Sen. Bob Casey, a centrist Democrat from Pennsylvania, has committed to voting for a public option if it's included as part of a package of health care reform fixes passed through the majority vote process known as reconciliation.
The public insurance option was revived by two House Democrats -- Chellie Pingree of Maine and Jared Polis of Colorado -- who sent a letter to Senate Majority Leader Harry Reid (D-Nev.) with 120 signatures, calling for the public option to be put back on the table. Polis's Colorado delegation colleague, freshman Democratic Sen. Michael Bennet, then took up the standard, asking senators to sign a letter calling for the same.
"Sen. Casey thinks that all options should be considered for moving forward legislation to insure more Americans, crack down on insurance company abuses, and get a handle on health care spending that is raising the deficit and threatening our economy," said Casey spokesman Larry Smar in a statement released to DFA, PCCC and Credo Action and provided to HuffPost.
"He has been a longtime advocate for a public option and he believes that it is the best way to increase choice and competition and to hold insurance companies accountable. He has made this known to Senate leadership as next steps are considered. If there is a vote on the House public option in reconciliation, he will vote yes."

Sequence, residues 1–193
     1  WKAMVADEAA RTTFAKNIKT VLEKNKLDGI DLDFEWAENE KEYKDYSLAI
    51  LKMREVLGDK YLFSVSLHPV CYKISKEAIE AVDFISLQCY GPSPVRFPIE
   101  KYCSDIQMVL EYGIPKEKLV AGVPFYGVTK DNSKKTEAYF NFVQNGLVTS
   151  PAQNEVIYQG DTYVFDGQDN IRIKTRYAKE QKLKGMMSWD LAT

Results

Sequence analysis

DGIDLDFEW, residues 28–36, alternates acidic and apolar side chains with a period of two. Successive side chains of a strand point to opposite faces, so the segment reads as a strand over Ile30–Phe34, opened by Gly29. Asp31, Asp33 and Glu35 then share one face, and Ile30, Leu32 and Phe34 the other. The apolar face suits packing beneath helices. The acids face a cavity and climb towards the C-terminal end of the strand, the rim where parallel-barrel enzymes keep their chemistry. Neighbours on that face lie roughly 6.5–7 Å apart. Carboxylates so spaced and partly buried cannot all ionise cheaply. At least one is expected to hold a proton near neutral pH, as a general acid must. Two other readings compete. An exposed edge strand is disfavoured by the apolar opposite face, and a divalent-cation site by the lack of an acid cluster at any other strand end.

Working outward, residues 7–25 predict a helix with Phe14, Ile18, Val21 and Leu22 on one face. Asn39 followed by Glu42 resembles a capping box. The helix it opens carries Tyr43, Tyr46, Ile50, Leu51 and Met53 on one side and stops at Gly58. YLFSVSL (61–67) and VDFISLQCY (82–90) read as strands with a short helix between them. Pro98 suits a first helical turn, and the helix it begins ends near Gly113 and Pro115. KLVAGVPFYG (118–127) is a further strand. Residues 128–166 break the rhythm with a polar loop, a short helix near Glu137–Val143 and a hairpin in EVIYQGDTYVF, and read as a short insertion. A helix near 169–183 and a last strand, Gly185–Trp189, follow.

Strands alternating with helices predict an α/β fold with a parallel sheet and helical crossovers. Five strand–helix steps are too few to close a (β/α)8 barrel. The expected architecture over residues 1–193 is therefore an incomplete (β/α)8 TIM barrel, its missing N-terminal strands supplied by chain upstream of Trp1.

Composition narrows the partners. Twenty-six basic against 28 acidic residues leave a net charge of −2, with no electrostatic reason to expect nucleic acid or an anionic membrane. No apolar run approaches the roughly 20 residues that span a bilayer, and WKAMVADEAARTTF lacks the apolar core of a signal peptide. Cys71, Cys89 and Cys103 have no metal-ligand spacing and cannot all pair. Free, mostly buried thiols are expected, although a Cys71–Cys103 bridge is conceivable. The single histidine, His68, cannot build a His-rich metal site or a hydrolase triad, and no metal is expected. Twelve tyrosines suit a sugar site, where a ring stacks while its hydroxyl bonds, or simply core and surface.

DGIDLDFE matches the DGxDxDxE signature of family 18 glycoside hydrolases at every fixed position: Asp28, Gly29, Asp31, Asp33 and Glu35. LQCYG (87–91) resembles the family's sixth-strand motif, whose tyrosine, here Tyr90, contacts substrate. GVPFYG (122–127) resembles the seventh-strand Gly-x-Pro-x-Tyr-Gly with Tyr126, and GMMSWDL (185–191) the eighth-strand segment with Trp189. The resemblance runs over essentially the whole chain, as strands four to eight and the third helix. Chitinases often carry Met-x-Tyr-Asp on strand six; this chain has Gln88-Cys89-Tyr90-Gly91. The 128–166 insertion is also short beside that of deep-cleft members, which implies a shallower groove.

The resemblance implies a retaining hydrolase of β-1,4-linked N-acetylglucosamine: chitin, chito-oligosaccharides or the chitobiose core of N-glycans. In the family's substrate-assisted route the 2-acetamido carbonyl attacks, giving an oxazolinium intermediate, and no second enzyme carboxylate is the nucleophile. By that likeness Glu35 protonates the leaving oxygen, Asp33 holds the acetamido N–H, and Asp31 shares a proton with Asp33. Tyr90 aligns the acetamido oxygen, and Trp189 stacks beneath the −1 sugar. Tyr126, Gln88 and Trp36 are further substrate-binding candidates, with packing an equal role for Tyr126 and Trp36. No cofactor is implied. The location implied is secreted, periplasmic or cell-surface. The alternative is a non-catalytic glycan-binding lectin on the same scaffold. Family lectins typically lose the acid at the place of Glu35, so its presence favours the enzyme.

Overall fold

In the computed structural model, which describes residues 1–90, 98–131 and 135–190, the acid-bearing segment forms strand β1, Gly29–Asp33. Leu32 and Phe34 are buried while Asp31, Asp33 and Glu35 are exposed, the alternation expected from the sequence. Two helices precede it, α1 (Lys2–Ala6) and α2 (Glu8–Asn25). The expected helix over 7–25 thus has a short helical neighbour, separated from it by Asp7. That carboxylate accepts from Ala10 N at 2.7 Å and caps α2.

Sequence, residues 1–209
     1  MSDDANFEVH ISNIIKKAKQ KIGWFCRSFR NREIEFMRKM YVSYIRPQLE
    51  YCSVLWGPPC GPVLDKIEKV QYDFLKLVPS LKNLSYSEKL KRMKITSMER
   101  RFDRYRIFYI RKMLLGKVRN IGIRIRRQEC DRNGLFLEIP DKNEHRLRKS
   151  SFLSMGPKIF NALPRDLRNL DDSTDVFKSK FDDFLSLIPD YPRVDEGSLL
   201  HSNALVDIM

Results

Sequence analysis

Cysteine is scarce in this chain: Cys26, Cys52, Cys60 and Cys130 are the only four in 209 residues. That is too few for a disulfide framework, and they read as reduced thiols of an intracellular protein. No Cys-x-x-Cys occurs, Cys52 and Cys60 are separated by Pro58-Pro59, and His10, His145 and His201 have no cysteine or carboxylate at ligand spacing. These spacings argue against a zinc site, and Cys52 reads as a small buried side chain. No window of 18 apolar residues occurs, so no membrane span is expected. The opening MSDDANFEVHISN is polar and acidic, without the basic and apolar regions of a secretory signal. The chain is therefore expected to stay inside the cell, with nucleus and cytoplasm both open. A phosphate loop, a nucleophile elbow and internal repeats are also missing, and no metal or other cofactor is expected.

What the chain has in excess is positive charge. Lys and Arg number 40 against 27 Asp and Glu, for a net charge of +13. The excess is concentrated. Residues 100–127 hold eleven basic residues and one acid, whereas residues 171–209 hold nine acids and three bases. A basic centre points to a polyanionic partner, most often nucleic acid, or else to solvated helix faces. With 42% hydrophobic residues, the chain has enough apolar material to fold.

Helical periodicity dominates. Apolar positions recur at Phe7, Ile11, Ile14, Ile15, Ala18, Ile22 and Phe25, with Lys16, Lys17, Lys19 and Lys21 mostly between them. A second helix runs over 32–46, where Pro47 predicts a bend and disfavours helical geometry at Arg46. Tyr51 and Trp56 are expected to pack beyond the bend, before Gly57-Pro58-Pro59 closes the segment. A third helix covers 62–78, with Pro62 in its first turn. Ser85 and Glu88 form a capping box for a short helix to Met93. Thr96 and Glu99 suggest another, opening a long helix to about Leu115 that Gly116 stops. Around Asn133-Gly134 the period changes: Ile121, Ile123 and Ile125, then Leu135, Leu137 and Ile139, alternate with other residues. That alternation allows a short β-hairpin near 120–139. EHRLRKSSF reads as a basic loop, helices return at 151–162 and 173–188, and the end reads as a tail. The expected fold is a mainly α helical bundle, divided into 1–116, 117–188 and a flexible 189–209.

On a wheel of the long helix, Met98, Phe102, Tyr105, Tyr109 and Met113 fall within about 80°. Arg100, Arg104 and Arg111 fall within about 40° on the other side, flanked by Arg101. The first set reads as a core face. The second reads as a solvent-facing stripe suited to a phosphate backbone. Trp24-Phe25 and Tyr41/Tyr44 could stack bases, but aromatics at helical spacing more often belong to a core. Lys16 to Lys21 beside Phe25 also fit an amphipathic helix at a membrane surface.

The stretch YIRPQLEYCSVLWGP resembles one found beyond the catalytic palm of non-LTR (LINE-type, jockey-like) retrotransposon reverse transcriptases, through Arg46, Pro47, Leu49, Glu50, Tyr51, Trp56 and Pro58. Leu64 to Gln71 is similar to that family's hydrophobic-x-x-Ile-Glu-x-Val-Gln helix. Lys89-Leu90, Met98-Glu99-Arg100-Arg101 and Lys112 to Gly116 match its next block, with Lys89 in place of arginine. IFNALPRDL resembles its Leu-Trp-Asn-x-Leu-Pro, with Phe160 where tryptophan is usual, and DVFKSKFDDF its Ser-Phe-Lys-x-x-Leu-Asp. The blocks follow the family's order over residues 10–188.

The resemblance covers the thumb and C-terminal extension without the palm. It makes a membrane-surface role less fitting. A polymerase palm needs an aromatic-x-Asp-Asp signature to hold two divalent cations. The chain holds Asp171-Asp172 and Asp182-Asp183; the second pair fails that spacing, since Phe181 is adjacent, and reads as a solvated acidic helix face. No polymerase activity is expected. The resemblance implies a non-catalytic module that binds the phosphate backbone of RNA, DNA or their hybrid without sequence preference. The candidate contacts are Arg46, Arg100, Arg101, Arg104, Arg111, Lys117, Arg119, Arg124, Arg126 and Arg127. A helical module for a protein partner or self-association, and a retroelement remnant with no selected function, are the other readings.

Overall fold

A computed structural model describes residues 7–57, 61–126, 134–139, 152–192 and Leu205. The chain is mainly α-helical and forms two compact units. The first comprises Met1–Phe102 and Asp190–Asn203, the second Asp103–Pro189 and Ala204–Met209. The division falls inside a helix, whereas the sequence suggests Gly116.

Charles Chamberlain, political director for Democracy for America, which, along with the Progressive Change Campaign Committee, has been organizing the effort, said that Casey is the type of moderate senator who shows the broad popularity of the public option.
"Senator Casey is one of many moderate senators standing strong for the public option, and he deserves great credit for his leadership," he said in a statement. "Day after day, we're naming names and proving the votes exist for the public option in reconciliation. If President Obama and White House Press Secretary Robert Gibbs don't think the votes exist, it's time for them to name names and be transparent about which Democrats would oppose the public option. If they can't do that, they have a responsibility to stop undermining the will of the American public -- who overwhelmingly support the public option over the Senate bill that lacks one."
More than 30 senators are now on board. A running count can be found here.
Organizers behind the effort say that two more senators have agreed to join the effort and will be announced later Tuesday.